• 43. Apart from recycling ad hominem diatribes and conjuring paranoid conspiracy theories, the thrust of The Case for Peace was to rationalize Prime Minister Sharon’s land grab in the West Bank under the guise that Israel was offering Palestinians a “two-state” settlement. In answer to the criticism that the fragmented state being offered Palestinians wouldn’t be viable, Dershowitz quotes this piece of geopolitical wis- dom: “Palestinians could yet build a Monte Carlo in Jericho, a Vatican state in Bethlehem, a Luxembourg in Ramallah, a Cyprus in Gaza, a Singapore in Nablus.”111 Didn’t he leave out a Disneyland in Rafah refugee camp? In addition Dershowitz recycled yet again standard Israeli apologetics discredited in mainstream scholarship and human rights reports.112 And still leaning on From Time Immemorial as a ref- erence,113 Dershowitz praises Peters for having “contributed an impor- tant new element to the debate” on the Palestinians, and maintains that her book contained only a “relatively small number” of errors, which the “hard-left version of literary McCarthyism” inflated, destroying Peters’s “promising academic career.”114 On a few occasions during the past year Dershowitz did attempt to answer the specific charges leveled against him in this book. For exam- ple, he denied having declared at a conference in Israel that Israel was not bound by international law.115 To demonstrate the inaccuracy of this allegation, he quotes “precisely what I said” at the conference: xlvi PREFACE 111. Ibid., p. 41. 112. For example, he states, ibid., that “until the death of Yasser Arafat, no Palestin- ian leader was willing to accept statehood for the Palestinians if it also meant acceptance of Israel” (p. 17—but see pp. 338–41 of this volume); that “Arafat refused to accept the offer [in 2000] because it would have required him to give up the so-called ‘right of return’” and that “Israel accepted and the Palestinians rejected” the “December 23 Clin- ton Parameters” (pp. 18, 55—but see pp. 352–55 of this volume); that “there can be absolutely no doubt of the legality of Israel’s policy of targeting Hamas leaders for assas- sination” and “Israel responds [to Hamas terrorism] by targeting guilty murderers it is unable to arrest” and “‘ticking-bomb’ terrorists” (pp. 77–79—but see pp. 134–37 of this volume); that “there is absolutely no evidence to support the claim of a direct rela- tionship between occupation and suicide bombing” (p. 81—but see Robert Pape, Dying To Win: The strategic logic of suicide terrorism [New York, 2005]); that “Palestinian ter- rorists have also used people pretending to be sick in Red Crescent ambulances to carry bombs” (pp. 82–83—but see pp. 128–30 of this volume); that “Israel’s military actions have all been taken in self-defense or in anticipatory self-defense” (p. 108—but see pp. 312–15, 339–40 of this volume); that “Israel . . . goes to extraordinary lengths to avoid killing innocent people” (p. 155—but see pp. 316–19 of this volume); that “the num- bers” of Israelis supporting “transfer” of Palestinians are “small” (p. 164—but see pp. 344–45 of this volume). 113. Ibid., p. 207, chap. 4, nn 8, 9, 10, 12. 114. Ibid., pp. 176–77, 181. 115. See p. 46 of this volume.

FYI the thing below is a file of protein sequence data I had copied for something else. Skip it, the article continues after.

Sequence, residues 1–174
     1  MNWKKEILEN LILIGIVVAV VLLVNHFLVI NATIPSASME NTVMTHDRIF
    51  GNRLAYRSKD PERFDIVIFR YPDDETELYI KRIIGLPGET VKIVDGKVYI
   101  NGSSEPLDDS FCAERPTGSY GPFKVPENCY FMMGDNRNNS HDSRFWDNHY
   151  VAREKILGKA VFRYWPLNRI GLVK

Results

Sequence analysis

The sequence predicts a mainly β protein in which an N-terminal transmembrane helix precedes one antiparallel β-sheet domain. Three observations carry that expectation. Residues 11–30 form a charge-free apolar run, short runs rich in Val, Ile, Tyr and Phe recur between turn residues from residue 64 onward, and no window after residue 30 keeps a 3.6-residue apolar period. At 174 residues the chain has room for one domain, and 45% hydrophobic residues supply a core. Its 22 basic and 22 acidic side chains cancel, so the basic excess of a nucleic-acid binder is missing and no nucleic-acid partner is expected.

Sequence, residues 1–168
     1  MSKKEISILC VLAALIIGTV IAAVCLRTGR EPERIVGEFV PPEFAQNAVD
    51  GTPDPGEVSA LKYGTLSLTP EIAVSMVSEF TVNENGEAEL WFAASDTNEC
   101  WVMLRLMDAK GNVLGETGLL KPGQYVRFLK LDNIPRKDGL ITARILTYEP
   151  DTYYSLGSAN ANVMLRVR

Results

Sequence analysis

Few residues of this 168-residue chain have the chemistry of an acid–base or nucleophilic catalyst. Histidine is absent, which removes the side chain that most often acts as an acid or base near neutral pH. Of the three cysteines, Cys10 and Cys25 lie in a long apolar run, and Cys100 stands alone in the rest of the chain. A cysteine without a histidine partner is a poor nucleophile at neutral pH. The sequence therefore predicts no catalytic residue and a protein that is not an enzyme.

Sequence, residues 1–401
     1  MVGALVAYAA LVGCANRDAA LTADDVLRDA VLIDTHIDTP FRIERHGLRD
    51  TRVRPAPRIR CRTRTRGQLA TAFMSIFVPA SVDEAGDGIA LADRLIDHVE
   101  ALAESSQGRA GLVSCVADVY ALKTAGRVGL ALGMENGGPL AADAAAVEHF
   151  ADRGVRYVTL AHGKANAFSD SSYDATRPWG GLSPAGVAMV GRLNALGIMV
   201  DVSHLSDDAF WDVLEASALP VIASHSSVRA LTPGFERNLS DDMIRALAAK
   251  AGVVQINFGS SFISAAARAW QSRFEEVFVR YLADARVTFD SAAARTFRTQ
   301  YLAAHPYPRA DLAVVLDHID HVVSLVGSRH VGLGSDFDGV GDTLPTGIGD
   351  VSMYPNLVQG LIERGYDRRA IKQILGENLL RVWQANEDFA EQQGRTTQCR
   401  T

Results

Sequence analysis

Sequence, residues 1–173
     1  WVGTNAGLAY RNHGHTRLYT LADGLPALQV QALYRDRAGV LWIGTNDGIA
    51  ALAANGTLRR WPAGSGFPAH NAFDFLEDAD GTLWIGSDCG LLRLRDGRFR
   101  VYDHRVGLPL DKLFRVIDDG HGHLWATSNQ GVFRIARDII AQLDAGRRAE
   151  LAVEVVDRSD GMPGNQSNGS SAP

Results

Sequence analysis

• 44. “Your moral obligation to comply with the letter of the rule of interna- tional law is voluntary; it is a matter of choice and a matter of tactic, not a matter of moral obligation or democratic theory.”116 If I might quote the title of his best-selling book, this is not exactly what one would call the best defense. On the other hand, after devoting the past forty years to defending publicly Israel’s “generally superb” human rights record, it seems that he is no longer able fully to block out reality. Delivering the keynote address at a conference at Israel’s Bar-Ilan Uni- versity, Dershowitz “admitted that Israel’s human rights record was hardly stellar.”117 Some of Israel’s supporters have still refused to concede even this much. Famed Israeli “new historian” Benny Morris, who came out as a raving anti-Arab racist soon after the second intifada began,118 has con- tinued to insist that during the second intifada Israel reacted with “praiseworthy discrimination” to Palestinian provocations, that “most of the Arabs killed . . . were armed fighters, not civilians,” and that “Israeli policy was to avoid, so far as possible, harm to non-combat- ants, and the IDF generally took great operational care to avoid civilian casualties.” Readers of this volume can judge for themselves Morris’s grip on reality.119 The task of defending Israel’s human rights record was not made any easier after Israeli soldiers serving in the Occupied Palestinian Territory started to speak out against human rights violations they participated in or observed during the suppression of the second intifada. These seemingly unimpeachable witnesses reported “standing orders . . . to open fire on people regardless of whether they were armed or not, or posed any physical threat,” including “young children,” and that “Gaza was considered a playground for sharpshooters.” One soldier recalled being told, “Every person you see on the street, kill him,” and after “several incidents when children and teenagers were killed . . . the attitude [in his paratroop unit was] ‘so kids got killed. For a soldier it PREFACE xlvii 116. Alan M. Dershowitz, “Response to Beyond Chutzpah,” Congress Monthly (Sep- tember/October 2005). 117. Daphna Berman, “Dershowitz: Boycotts abet terrorism,” Haaretz (27 January 2006). 118. See pp. 5, 14 of this volume. 119. Benny Morris, “This Conflict Is About Israel’s—Not the Arabs’—Survival,” Guardian (8 February 2006), and Benny Morris, “And Now For Some Facts,” New Republic (28 April 2006). See also the devastating reply to Morris by Peter Bouckaert, Emergencies Director for Human Rights Watch, in New Republic (19 June 2006).